It was a wildfire that got me sprinting. Well, kind of.
A few years ago, my wife and I were visiting Banff National Park in Canada with a couple of friends. We headed out early one morning to see what our friends said was an incredible view. It turned out, however, that there was a wildfire in that part of the park, so the road was shut down.
After some coughing and consternation we turned back and decided to go hiking instead.
On the drive back to our cabin we spotted a sign that said “Waterfall Hike.” We took a quick poll and unanimously decided to check it out. We pulled in, parked the car, and started walking. “Let’s just go a little way up the trail,” someone said. “Maybe to that first overlook.” Then, we got to the first overlook, loved it, and someone else in our group said, “Let’s head to that patch of trees at the end of the lake.” And off we went, energetically moving up the trail.
You can guess what happened. We did an all-day hike, one milestone at a time, all the way to the breath-taking waterfall.
If you’d asked us beforehand if we could handle an all-day hike, we would have turned up the air conditioning in the car and kept driving. But one “sprint” at a time kept our focus.
Business is the same way. I have become increasingly aware of the value of short-term sprints in today’s life and work cycle. For all the talk of long-term perspective, there is value in breaking an all-day hike into a lot of small “sprints” It’s like the old proverb, “How do you eat an elephant?…One bite at a time.”
Here are four things to keep in mind, though:
- A sprint has a time and energy boundary.
Let’s start with the basics. A sprint means to run fast but not far. In our business application, that means: Define projects and tasks in measurable scopes—a day, a week, a month, or, at most, a quarter. Then, run hard after it. Really hard. Pour in resources (people, money, and time) and tell your team you’re doing this on purpose because there’s a close endpoint.
I have one friend who has re-designed his entire company around monthly sprints. Annual projects are divided into 12 sprints. This allows his team to focus on immediate issues and mentally set aside things that can’t be done yet. Even though the now affects the later, we often spend so much time planning the “later” that we don’t do the “now” with the intensity it requires.
This strategy works for personal productivity as well, of course. One study found that the most productivity among one set of employees was a 52-minute work session followed by a 17-minute break. As for me, when I’m overwhelmed with the size of a project, I often work in 15-minute chunks.
- A sprinter needs a lane.
Imagine an Olympic 100 meter sprint where a runner drifts into the neighboring lane. What happens? Runners collide and usually an additional racer or two is taken down as well.
It’s the same way in organizational sprinting. Individual roles must be clear or you run the risk of a pile up.
Communication is paramount at this stage. Don’t just tell people the goal of the project and the length of it. It’s vital that individuals know more details:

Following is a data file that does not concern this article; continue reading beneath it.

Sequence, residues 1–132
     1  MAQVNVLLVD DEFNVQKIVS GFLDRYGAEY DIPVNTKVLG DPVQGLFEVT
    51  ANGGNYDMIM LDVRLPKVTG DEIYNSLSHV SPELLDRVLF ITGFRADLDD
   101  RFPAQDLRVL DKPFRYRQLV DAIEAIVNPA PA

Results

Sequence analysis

- What’s my role?
- How does my role fit into the whole?
- What process should I follow?
- How are we tracking scores?
Sprinters run best in a lane.
- A sprint needs a great start and maintained speed.
In the 1988 Olympics, Ben Johnson defeated Carl Lewis for the gold medal. The thing is, they had the same top speed. One researcher has said, “What set Johnson apart was his superior reaction to the starting gun and his ability to maintain a higher level of speed longer than Lewis.”
Of course, Johnson was busted for using steroids on that run and lost the gold medal, but the principle is still true—sprinting requires fast starts and speed maintenance.
- Are your people trained for a fast start?
- Does your organization have stamina?
Then, once you get that momentum and lead, hang onto it. Watch the Ben Johnson/Carl Lewis race as it was on 1988 television. Notice that Johnson has the lead 20 meters into the race and never gives it up.
- A sprint requires a refueling.
You can only maintain top speed for so long. Ryan Holmes, the CEO of HootSuite, said, “You can run a sprint and you can run a marathon, but you can’t sprint a marathon.”
That’s why it’s so vital to plan to refuel after an organizational sprint. Don’t run at full speed January 1-31 on a project and expect to start a new sprint February 1. Instead, build in rhythms of hard sprints every other month, for example, with smaller projects in between. Or expect the first week of every month to be a bit slower as you gear up.
Three quick rules:
- Stagger the volume and intensity of work if possible to create rhythms.
- Make sure people are resting along the way.
- Over-communicate the scorecard and updates.
Then, pivot based on your evaluations. If you need to ask for help, go ask for it. If you’re at a wall, what is the way around it? Look at the pieces on the table—staff, resources, capital—and see if anything needs to be reallocated.
But what about long-term perspective?
Let me be clear. When I talk about sprints, I am NOT saying you should ignore long-term perspective. I’m an executive coach, which means I help people make multi-year decisions. I can’t tell you the number of times I’ve challenged people to look 5 to 50 years down the road.
On the contrary, the long-term view provides us with accuracy of direction and perspective. It gives us the chance to accurately reflect and to plan things that are bigger than ourselves. That’s why companies like FedEx and non-profit organizations like the Q conference have a vision for 30, 60, or 100 years down the road.
The balance? Look to the long-term and utilize sprints to get you there. You’ll find muscles you didn’t know you had, train muscles you knew about, and get way more accomplished in the process.